• Nursing director: Oversees nurse managers and provides operational oversight of multiple units/areas or provides guidance for a particular area such as infection control
  • Leader through influence: Oversees departments that support nursing and influence nursing outcomes such as education, quality/safety/infection control and shared governance
  • Chief nursing officer (CNO): Provides oversight of a designated facility or services, and the respective nursing or clinic operations directors
  • Chief nurse executive: Oversees CNOs and leads strategic organizational changes, including nursing and other departments

Aniqueka recognized two common threads among UW Health leadership roles: A genuine sense of concern for RNs on the frontline and a commitment to serving as mentors. “Not only do these leaders want to share their knowledge, they care what nurses have to say and want to support their roles in any way possible.”

As part of a DNP practicum, Aniqueka Scott, MPH, BSN, RN (left), met with leaders on varying levels, including Chief Nurse Executive Rudy Jackson (right), to gain insight into their daily responsibilities and how they help support nurses. “I wish more nurses could get a behind-the-scenes glimpse of nursing leadership roles and see the hard work involved in maintaining effective nursing operations,” Aniqueka said. “You quickly gain an understanding and appreciation for the processes and barriers they face.”

Cultivating professional growth

When Aniqueka and Josh Ernst, BSN, RN, pursued their DNP degrees, they experienced the leadership culture from a new lens.

“UW Health nurse leaders have provided me with substantial support throughout my doctorate studies,” said Josh, who serves as a clinical program coordinator for the Telestroke Program. “With this experience, I learned from various leaders within the organization, and I will take their advice with me wherever I go.”

In one of Josh’s practicums, Melanie Hankes, BSN, RN, nurse manager, UW Health East Madison Hospital Emergency Department, showed him how to overcome unique department challenges by coming up with creative and innovative solutions. “Teamwork is essential and expectations are high,” he continued. “There is always a sustained commitment to our patients, staff and the community. It is nothing short of inspiring.”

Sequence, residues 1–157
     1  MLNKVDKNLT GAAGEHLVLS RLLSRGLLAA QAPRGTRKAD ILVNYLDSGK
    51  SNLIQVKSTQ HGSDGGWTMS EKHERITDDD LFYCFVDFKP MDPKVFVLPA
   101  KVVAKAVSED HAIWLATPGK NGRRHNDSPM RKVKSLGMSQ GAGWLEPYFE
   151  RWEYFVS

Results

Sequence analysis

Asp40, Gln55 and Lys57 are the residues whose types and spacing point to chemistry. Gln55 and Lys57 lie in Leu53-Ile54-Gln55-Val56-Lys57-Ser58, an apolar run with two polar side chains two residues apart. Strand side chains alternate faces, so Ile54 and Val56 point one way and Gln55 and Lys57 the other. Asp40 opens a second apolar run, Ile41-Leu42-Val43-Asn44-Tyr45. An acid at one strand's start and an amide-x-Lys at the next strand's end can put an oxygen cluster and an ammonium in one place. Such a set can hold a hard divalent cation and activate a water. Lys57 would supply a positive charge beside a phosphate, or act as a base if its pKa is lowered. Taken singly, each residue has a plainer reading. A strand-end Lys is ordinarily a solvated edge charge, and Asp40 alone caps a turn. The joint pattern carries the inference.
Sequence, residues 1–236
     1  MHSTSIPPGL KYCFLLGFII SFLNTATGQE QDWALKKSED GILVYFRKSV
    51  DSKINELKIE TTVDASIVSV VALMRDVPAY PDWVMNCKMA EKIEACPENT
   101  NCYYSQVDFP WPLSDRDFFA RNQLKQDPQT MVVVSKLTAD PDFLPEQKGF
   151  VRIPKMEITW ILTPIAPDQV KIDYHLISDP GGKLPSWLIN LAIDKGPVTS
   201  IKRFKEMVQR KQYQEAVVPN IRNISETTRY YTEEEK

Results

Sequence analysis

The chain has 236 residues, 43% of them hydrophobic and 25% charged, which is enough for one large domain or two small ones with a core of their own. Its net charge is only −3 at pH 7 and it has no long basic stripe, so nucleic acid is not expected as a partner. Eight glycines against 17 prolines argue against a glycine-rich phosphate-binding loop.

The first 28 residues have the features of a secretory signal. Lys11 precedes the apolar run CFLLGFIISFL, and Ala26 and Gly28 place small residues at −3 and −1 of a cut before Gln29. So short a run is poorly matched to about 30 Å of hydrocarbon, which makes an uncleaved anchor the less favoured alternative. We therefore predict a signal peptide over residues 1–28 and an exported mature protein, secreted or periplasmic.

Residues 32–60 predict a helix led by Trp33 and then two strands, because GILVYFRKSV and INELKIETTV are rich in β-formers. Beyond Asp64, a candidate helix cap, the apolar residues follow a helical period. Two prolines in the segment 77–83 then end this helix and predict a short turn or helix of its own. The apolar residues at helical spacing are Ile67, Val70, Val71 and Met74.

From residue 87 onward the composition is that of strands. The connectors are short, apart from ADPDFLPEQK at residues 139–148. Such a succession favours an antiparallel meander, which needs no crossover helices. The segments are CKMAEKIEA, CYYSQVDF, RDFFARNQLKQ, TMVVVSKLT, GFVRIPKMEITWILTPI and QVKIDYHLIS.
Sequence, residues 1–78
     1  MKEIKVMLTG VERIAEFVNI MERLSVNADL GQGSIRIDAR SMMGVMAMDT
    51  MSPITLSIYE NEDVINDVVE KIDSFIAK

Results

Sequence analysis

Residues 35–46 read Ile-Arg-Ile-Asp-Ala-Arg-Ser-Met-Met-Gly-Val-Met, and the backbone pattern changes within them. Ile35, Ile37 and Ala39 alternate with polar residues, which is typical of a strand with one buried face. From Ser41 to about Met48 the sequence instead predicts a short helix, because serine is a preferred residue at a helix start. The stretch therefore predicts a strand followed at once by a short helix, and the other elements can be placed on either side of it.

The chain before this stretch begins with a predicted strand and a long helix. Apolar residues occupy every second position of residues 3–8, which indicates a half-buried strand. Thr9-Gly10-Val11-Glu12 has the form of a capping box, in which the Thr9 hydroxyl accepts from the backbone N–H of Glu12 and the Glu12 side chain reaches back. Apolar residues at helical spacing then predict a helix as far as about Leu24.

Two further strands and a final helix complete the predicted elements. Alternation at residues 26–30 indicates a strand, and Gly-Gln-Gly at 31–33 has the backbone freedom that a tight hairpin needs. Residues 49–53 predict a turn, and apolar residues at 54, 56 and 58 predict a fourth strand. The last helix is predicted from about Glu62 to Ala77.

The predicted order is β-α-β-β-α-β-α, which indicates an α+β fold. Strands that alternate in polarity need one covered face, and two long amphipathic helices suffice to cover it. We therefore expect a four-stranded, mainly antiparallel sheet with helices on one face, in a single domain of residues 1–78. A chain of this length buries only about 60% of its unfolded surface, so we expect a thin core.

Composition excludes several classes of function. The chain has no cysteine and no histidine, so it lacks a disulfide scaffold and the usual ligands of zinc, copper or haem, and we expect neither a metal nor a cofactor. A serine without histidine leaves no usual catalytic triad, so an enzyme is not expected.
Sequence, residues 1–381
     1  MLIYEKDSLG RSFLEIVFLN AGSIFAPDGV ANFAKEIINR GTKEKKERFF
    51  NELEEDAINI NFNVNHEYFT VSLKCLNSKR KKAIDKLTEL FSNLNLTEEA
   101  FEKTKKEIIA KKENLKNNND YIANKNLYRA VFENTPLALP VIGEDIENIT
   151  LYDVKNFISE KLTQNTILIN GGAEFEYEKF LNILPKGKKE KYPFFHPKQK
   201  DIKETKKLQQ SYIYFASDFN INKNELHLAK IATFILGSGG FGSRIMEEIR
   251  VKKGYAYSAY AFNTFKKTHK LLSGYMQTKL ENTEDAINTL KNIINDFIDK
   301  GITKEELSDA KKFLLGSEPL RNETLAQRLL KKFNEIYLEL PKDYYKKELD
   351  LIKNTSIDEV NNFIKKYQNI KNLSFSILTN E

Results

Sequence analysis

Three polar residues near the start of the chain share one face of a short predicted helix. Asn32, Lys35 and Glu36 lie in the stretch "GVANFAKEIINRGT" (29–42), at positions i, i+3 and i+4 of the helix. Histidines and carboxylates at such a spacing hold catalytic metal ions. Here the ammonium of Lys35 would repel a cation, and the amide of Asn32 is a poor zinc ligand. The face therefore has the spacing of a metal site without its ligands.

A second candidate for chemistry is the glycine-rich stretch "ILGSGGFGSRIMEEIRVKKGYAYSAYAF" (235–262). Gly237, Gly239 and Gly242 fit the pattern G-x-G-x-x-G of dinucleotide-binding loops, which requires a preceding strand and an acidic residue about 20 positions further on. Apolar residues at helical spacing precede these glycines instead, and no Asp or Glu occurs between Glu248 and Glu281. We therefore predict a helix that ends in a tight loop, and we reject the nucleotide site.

What stands out most for Aniqueka is having leaders who believe in her.

“They see my potential, and no one has ever made me feel I was reaching too high or dreaming too big,” she said. “I’ve been supported by every leader I’ve interacted with, confirming my decision to get my DNP.”

Aniqueka said she’s received the same advice from many leaders: Stay curious and keep asking questions. One takeaway came to light when she saw the work that went into establishing the Internal Discharge Lounge that was quickly operationalized by nurses and nursing leaders to help free up inpatient beds.

“I’ll never forget when Michele McClure (chief nursing officer for University Hospital) said, ‘Don’t let perfection get in the way of progress. We didn’t get it perfect, but we were off to a good start,’” Aniqueka said. “That realistic approach — acknowledging the need to evolve — really stuck with me.”

Another notable moment was seeing the humility of the leaders.

“They are down-to-earth and want to hear from frontline nurses to learn how best to support them,” Aniqueka said. “It’s all about teamwork and willingness to have conversations to try and make things better for everyone.”

Josh Ernst, BSN, RN, and Aniqueka Scott, MPH, BSN, RN, experienced unwavering support from UW Health nursing leaders in 2022 when they decided to pursue their DNP degrees

Check out more stories featuring the great work of our nurses in the 2022 Nursing Annual Report (pdf).